• Daniel Mee
    23rd June

    Is there a way to check if the same email is first viewed on a mobile but then on a desktop? That insight would tell me if my campaign had relevance (or at least had ‘desktop’ relevance). I know some emails I read on mobile but then delete on my mobile. Others I read but want to follow that up later on my laptop - tracking my “two bites of the cherry” across two different platforms would be insightful….

  • Phil
    23rd June

    I find it hard to believe your stats because I see so many people around me every day with BlackBerry and Android phones as well as iPhones, and they are all constantly reading their emails. I think that if “technical particularities” of each device skew statistics so much as to wipe large chunks of readership, then they are not really worth having because it does not give us a real picture of who reads our emails.

  • Tony
    23rd June

    hey David

    Great work by the way. question - when it comes to mobile - having image buttons to lets say “book a package” vs a text link - which one is better - considering - some email clients lioke outlook will not display images unless the user opts in….i guess this is the image vs html text dilema.

  • Sherri
    23rd June

    In the pie chart “Breaking down the mobile market” where does Blackberry fit in? I see iPhone, iPad, Android, etc, but where is the Blackberry market?

  • WebMatros
    23rd June

    Would be interesting to see the rise of Facebooks messaging service on this graph as well, comparing it to email.

  • Goran Peuc
    24th June

    I have one serious question regarding the stats above and email users see.

    What I believe is happening is users checking their email in the morning while still in bed or during breakfast on their iOS devices (mostly) through IMAP but then again getting those emails through POP once they get to work. I really have no idea how exactly your tracking works, does it track only first download, or all downloads. However I am sure that people see one email multiple times on multiple platforms. Me and all of my coworkers in team follow this use pattern - open mail at home on iPad, maybe answer something quickly, but then get to work and download all of those emails again in Outlook.

    So, could you elaborate on this data collection - do you collect email data on first or all openings of email? Do you take into account that one email could be opened multiple times across the devices (iPad at home, and then iPhone on commute and then Outlook/Mail at work)?

  • Pete Austin @MarketingXD
    25th June

    I’ve done my best to correct the math, allowing for the “overcounting” issue identified in previous comments. This changes the headline conclusion to the following:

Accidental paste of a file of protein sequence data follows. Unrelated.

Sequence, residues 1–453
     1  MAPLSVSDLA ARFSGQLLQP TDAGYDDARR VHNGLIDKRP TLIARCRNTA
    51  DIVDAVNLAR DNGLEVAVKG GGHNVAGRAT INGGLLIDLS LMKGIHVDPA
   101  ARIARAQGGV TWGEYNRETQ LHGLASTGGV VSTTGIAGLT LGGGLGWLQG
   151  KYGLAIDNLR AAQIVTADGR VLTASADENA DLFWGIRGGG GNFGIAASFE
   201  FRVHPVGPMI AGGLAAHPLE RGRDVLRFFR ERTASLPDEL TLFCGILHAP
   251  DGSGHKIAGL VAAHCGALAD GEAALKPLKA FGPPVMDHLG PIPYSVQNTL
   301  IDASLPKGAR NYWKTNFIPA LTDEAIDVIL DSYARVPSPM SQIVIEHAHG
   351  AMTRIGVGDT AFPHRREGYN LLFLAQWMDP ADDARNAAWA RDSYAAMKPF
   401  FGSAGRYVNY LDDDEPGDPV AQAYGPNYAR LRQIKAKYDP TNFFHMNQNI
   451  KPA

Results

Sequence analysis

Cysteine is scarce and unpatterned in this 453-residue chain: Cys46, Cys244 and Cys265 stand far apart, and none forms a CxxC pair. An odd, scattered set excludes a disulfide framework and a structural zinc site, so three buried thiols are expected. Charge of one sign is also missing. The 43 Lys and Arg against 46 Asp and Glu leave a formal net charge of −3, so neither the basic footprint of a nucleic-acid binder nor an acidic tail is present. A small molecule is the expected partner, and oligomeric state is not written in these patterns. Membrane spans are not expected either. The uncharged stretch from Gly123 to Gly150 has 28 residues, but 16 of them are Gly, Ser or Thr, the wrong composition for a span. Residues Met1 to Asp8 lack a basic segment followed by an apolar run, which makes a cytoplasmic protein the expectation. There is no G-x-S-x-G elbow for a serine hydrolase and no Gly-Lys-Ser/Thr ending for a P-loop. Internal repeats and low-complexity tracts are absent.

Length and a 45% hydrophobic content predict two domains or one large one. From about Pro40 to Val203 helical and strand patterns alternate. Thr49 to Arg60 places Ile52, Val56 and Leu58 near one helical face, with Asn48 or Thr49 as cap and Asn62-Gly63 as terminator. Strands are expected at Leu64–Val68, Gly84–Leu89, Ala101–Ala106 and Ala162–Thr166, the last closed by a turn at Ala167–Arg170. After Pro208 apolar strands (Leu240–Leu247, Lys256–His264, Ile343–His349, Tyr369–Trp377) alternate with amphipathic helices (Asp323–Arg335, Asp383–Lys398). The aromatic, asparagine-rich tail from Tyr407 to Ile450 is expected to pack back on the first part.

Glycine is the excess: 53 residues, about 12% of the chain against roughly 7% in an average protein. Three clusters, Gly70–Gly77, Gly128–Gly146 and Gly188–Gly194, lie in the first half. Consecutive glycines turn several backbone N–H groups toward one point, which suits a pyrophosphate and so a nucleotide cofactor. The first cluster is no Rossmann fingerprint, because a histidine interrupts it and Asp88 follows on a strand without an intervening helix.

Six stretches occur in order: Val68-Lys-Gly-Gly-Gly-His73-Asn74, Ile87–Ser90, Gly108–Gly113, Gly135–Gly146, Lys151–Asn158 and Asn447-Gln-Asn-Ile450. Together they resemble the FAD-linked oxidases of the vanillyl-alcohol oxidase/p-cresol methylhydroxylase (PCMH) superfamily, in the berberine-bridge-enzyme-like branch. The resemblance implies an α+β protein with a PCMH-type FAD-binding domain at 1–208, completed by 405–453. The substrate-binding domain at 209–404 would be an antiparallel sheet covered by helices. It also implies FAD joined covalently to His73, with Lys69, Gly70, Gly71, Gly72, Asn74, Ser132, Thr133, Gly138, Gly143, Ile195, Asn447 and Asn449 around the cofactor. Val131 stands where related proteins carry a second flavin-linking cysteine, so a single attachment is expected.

“Mobile email clients like the iPhone, iPad and Android have grown from 1% (not 4%) of the market to almost 4% (not 20%) in just two years.

    http://blog.marketingxd.com/post/6856085970/mobile-is-4-of-email-not-20

    I would be fascinated to see a report based on click-throughs, or outcomes, as these would not be vulnerable to overcounting in the same way as opens.

  • David Greiner
    25th June

    @Pete, thanks so much for putting so much thought into this. One important point that you seem to have overlooked here is that we only count one vote for each email client when a subscriber opens a specific campaign. So, even if they open the email 30 times, that particular email client only gets counted once.

    Likewise, if they open the email on 3 different clients all multiple times, we’ll only add one count for each of the three clients too. We’re trying to see which email clients people are using, not how often they are using them. You might consider updating your post to reflect this.

    We’re also considering focusing on link clicks for future emails, and will be running some tests in the coming weeks too gauge how accurate that will be.

    So, in summary mobile usage across those 3 billion + emails was in fact 1 in every 5. As pointed out by other commenters above, image blocking in Gmail for Android and BlackBerry means this may even be underreported, and could be even higher.

    If you have any other thoughts on this, I’d love to hear them.

  • loren paul wiener
    5th July

    A summary or conclusion would have been useful. This is all interesting but with RIM and Symbian having a combination of 46% of the market (Gartner, 2010 Q4 and Canaylis, Q4 2010), Microsoft with 80% of desktop and Apple with 17.5%, I see nothing here that makes any sense in your numbers. Are you basing your understanding of the mobile market based on your newsletter viewers?
    Australia only, or what, you stats pages do not seem clear on this.
    If your point is that Apple iOS is driving email views, ok. The story to me putting on a global product manager hat, would seem to be you need to attract more Android and Windows Customers, as you are doing the right thing to attract iOS customers.
    Well done.